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How to invest $1 million for the next decade, according to the pros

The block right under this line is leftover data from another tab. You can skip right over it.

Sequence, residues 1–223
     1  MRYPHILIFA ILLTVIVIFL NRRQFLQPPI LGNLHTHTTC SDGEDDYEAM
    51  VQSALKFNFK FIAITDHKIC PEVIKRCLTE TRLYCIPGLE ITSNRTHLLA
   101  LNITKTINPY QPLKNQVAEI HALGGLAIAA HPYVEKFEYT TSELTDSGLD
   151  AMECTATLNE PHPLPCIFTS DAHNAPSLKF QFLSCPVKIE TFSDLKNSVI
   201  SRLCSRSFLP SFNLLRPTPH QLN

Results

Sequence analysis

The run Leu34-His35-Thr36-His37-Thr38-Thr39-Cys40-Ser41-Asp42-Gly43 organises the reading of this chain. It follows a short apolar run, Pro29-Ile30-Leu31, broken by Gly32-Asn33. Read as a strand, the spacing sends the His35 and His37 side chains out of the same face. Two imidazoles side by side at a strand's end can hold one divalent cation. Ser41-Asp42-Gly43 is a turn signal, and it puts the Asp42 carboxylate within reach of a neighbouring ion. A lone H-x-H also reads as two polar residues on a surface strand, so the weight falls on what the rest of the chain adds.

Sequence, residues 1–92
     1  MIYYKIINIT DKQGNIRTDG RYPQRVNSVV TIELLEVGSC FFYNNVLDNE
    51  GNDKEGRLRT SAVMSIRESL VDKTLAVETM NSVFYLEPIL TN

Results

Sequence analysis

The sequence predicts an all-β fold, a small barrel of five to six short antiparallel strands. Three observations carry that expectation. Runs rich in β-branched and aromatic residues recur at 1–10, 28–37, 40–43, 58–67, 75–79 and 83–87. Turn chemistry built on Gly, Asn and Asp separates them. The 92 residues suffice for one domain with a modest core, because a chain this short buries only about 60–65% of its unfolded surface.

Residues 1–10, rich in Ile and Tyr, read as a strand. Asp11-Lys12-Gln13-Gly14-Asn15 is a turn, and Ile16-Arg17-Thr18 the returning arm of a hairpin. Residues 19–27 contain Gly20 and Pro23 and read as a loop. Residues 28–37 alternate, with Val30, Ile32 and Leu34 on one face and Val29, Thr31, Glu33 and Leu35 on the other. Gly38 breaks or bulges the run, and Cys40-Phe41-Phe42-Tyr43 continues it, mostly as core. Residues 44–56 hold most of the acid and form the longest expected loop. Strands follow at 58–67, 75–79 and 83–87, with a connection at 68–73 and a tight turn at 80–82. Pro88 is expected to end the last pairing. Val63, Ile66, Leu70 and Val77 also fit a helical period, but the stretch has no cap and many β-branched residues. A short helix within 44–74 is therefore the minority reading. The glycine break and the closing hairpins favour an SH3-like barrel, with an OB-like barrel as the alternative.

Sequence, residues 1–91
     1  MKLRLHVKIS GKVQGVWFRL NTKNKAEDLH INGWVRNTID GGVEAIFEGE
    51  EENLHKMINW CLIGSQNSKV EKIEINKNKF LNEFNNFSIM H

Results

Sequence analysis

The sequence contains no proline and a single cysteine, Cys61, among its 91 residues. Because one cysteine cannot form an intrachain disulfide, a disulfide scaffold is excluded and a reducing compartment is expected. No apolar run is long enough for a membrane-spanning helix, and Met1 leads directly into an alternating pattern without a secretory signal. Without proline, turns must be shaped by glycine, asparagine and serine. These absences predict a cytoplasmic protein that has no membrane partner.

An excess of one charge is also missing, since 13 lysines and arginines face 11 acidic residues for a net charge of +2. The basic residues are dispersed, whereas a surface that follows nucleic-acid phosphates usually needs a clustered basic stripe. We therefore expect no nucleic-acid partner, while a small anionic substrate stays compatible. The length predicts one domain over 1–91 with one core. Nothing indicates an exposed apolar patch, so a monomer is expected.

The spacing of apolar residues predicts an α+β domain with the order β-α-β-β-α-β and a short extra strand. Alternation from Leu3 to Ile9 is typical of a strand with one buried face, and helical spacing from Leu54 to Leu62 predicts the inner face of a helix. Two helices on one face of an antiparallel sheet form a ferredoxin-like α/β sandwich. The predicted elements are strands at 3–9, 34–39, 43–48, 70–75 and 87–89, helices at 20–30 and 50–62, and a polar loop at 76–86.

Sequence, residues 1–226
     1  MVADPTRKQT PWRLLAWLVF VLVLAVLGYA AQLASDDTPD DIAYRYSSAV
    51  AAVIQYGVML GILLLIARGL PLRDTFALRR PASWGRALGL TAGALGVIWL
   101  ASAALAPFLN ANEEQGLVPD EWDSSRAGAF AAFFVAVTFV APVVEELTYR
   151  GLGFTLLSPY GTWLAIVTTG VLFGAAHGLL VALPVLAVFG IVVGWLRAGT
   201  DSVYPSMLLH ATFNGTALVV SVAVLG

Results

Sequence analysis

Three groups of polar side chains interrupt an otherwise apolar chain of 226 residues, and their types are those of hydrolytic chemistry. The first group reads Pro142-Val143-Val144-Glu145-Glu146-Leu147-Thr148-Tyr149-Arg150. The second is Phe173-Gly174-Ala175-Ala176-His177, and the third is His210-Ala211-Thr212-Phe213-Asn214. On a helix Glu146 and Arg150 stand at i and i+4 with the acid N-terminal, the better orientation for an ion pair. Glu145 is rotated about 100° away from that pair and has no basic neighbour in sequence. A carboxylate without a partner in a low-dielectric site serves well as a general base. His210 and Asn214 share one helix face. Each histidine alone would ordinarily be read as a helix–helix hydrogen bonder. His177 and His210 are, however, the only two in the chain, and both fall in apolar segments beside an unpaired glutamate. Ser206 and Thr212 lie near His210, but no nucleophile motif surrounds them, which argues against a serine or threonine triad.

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The next 10 years will be unlike the last two decades for investors, according to investment advisors and wealth managers. Charles-Henry Monchau, chief investment officer at Swiss private bank Syz, said investors risk making long-term decisions with a “cognitive bias” and urges those investing $1 million over the next decade not to extrapolate too much from recent history. He believes that inflation — in contrast to the past two decades — is likely to stay higher for longer in light of commodity supply shortages, companies’ reshoring of production, and labor shortages in critical jobs due to demographic changes. Those conditions could create more volatility and lower returns for assets that have done well over the past decade, according to Monchau. How to invest For long-term investors, the best approach is to have the bulk of the portfolio in global equities, according to Monchau, whose bank serves clients between $1 million and $5 million in assets. “If you have a long-term time horizon, the best is to be invested in equities,” he told CNBC Pro from Geneva. In addition, to deal with higher inflation, Monchau suggested three options beyond stocks and bonds. First, be more “nimble” with asset allocation between stocks and cash. Second, add assets like REITs (real estate investment trusts) and commodities that can potentially hedge against inflation. Third, allocate a portion of the portfolio to illiquid alternative investments, which could boost returns in exchange for the inability to wind down those investments over long periods. Monchau pointed to European Long-term Investment Funds (ELTIFs) as a way to access those previously restricted private markets, although investors should be aware that their money will not be readily available to withdraw. ELTIFs allow individual investors to invest alongside institutions in assets like infrastructure, private equity and private credit. “There’s been a democratization of finance,” said Monchau, who oversees the Swiss bank’s investment strategy that directs $15 billion of client assets. Earlier this year, Goldman Sachs raised over $200 million for its inaugural ELTIF aimed at high-net-worth individuals. Other asset managers like BlackRock and Franklin Templeton have also launched ELTIFs for their “European wealth clients.” “This is an instrument not to get rich, but to stay rich,” said Monchau, and suggested allocating up to 50% of a portfolio to several of these vehicles. “So don’t expect 20%, 30%, 40% or 50% [recurring returns] like so many are trying by investing in V.C. funds or early-stage growth ventures.” “These products are highly diversified, and they target low double-digit returns with low risk,” he added. Monchau said investors should also allocate to other asset classes, such as fixed income, to provide portfolio diversification and a regular income. Stocks and bonds Jamie Cox, financial planner at Harris Financial Group , expects international stocks to outperform U.S. stocks in the coming decade as rising rates and inflation change market dynamics. Cox said that in one sense, “this decade is going to be much like the decade of 2000” — there will, he said, be “a transition from large U.S. tech stocks into your more basic industries.” “Energy, staples, pharmaceuticals, are going to be the leadership group throughout the next decade,” said Cox, who gives investment advice targeted at retirement income planning to more than 1,800 clients in and around Richmond, Virginia. He expects rising government debt and deficit levels to keep interest rates elevated, and tech companies will face headwinds from tax changes and increased regulation. As such, Cox suggested focusing globally on high dividend stocks in sectors like consumer staples, telecoms and energy. “The ability to generate income is going to be far and away the better place for the next decade for investment,” he said. He singled out consumer staples companies like Unilever and Swiss-listed Nestle as high dividend payers. Companies and sectors he deemed promising for the next decade include telecom infrastructure companies like Crown Castle and American Tower , and energy and pharmaceuticals. However, Cox told CNBC Pro that investors should not “paint the technology sector with a broad brush.” “There are plenty of stocks, like Broadcom , for example, which is a tech stock, but it’s also a high dividend paying stock,” the investment manager noted. For younger investors more than 10 years from retirement, Cox recommends a 100% equity portfolio, maximising returns with low-cost index ETFs. Cox suggested investing in actively managed funds only when investors seek dividend income during retirement. “You need to spend money to generate income that’s sustainable, because if you don’t, then you end up eroding your capital,” Cox said. “So it’s worth paying for active management and worth paying for mutual funds at that point to diversify the risk of loss, but not until.”

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